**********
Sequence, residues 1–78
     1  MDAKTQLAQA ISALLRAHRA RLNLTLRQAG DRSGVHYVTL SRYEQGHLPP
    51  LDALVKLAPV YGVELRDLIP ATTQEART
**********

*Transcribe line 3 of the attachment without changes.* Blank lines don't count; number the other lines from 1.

    51  LDALVKLAPV YGVELRDLIP ATTQEART